Discover the Egyptian Creation Myth on How The World Began

Scene from the tomb of Nefertari depicting the Egyptian god Osiers.  Luxor . Egypt .
© Ibrahim Hamroush/iStock via Getty Images

Written by Katarina Betterton

Published: November 16, 2023

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Early civilizations in the world relied on their beliefs and imaginations to create the myths that explained how their existence came to be. Creation myths all over the world (like the creation myth of Japan) gave ancient people insight into their own lives. 

Ancient Egypt has four unique creation myths that focus on a different part of how the world came to exist. Keep reading to discover all four myths — and learn more about the central themes of ancient Egyptian mythology.

A Quick History of Ancient Egyptian Mythology

An Ancient Egyptian papyrus showing a sphinx and pyramids

Egypt’s oral history dates over 4000 years before the common era.

©bravo1954/iStock via Getty Images

Ancient Egypt remains one of world history’s most powerful kingdoms. Spanning for thousands of years, the religion and mythology held by ancient Egyptians persisted across pharaoh reigns and generations.

Between the predynastic era in 4300 B.C.E. and the Ptolemaic Dynasty of 30 B.C.E., ancient Egyptians created a massive pantheon of gods and goddesses that ruled the natural and divine worlds. They ferried souls into the afterlife, influenced drops, and even enabled the sun to rise each day.

Like other creation myths of historical civilizations, Ancient Egyptian mythology helped people of the time to understand the world around them. 

The Egyptian Creation Myths

Sekhmet, the goddess of the sun

Sekhmet was the goddess of the sun, fire plagues, healing, and war In Egyptian mythology.

©vgorbash/iStock via Getty Images

With thousands of years to span and no internet or cell tower to communicate, the ancient Egyptians created four distinct creation myths based in the major cities they resided. 

Egyptian mythology is complex, beautiful, and comprehensive. The summaries below do not cover the most in-depth plot points, nuances, and characters. Additionally, because the Egyptian pantheon has over 2,000 deities, this article only touches on a few of the creation-centric powers.


According to the Heliopolis creation myth, Atum created the world. Before the beginning of anything, the universe was a massive sea of chaos called Nu. Atum existed amid the unutilized inertia in the sea and created themselves by speaking their name. When they came to being and realized they were alone, Atum created the land to stand on and children — a son (Shu) and daughter (Tefnut) — with whom they could experience the world. 

Atum allowed their children to wander the world they’d created but soon missed their company and worried for them. They sent their eye to find and bring back Shu and Tefnut, who returned and had children of their own. They created two gods, Geb, the earth god and Nut, the sky goddess. When Atum’s eye returned and found that Atum had replaced it, it despaired. Atum, feeling love for both eyes, returned the eye that had found their children into their head and it became Ra, the sun god. When Atum’s children returned to them, they became so overjoyed they cried and created the creatures and humans that would live on the earth’s surface.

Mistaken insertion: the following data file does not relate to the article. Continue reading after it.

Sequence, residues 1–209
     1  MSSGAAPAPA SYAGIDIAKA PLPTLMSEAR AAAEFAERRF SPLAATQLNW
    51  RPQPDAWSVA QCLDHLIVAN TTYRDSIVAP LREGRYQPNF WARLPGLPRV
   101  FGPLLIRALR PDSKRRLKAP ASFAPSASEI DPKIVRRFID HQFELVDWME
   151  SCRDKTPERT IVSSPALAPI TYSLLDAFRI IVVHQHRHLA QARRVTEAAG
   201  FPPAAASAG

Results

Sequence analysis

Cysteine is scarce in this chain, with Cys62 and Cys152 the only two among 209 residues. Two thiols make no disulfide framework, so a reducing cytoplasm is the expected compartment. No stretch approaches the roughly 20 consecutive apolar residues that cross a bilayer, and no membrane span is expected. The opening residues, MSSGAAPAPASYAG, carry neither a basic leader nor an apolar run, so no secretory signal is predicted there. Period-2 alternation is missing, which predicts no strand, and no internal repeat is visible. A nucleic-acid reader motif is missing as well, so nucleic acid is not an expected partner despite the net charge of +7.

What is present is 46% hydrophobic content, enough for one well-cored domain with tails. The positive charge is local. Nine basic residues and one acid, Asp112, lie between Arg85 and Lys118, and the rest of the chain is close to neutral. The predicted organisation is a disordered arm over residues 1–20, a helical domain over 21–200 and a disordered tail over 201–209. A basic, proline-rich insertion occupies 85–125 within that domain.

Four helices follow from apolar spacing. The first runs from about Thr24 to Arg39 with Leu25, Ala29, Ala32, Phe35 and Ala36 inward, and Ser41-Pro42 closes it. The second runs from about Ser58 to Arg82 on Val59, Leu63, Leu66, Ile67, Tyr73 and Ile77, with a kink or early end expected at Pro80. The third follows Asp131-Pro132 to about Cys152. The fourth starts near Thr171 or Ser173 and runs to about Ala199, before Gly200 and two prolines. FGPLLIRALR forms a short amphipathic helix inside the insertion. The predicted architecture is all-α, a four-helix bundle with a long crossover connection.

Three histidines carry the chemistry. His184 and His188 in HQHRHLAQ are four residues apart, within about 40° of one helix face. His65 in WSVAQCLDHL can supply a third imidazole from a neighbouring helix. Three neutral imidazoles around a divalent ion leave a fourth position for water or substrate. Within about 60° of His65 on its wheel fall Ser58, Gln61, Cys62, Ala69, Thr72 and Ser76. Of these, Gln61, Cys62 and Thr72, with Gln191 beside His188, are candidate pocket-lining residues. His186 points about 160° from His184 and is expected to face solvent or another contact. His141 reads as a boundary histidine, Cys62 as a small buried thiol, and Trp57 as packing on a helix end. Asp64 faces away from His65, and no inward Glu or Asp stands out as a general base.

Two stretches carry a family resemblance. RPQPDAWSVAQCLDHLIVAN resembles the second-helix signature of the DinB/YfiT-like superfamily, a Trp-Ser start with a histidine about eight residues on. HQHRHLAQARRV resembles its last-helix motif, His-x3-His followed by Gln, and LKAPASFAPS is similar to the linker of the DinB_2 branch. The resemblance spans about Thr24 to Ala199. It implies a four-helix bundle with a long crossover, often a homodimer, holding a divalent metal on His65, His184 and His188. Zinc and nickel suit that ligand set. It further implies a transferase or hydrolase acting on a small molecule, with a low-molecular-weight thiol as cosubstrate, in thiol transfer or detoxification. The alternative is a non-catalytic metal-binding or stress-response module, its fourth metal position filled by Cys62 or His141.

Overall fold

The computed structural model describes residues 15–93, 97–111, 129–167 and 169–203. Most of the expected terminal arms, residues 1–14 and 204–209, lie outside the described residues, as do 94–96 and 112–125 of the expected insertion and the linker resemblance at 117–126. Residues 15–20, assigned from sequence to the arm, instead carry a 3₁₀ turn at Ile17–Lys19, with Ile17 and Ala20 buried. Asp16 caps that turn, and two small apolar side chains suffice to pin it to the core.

The third generation of gods begotten of Geb and Nut added four more deities — Osiris, Isis, Set, and Nephthys — rounding out the pantheon of nine deities known as the Ennead.


Instead of focusing on the creation of the world from the offset, the Hermopolis creation myth centered on the Ogdoad — four pairs of gods and goddesses — and their powers that influence the natural world.

  • Nun and Naunet represented the primordial waters.
  • Heh and Hauhet represented infinity. 
  • Kek and Kauket represented primordial darkness.
  • Qerh and Qerhet represented air and/or invisibility; however, the fourth pair remains inconsistent across different accounts. Other names for the pair include Nu and Nunu or Amun and Amunet.

The Ogdoad were creator gods and converged at some point, creating a cosmic egg that begot the primordial, pyramid-like mound that birthed the sun. The sun then rose into the sky and created light for the world, where living beings could begin to exist.


Though not inspired by the Hermopolis creation myth, the Thebes myth holds that Amun served as more than one part of the fourth pair of gods. It says that Amun is the force behind every living thing on the earth. Also called Amun-Ra, he served as the sun god and controlled so much of the world, he would even determine the lifespans of individual humans.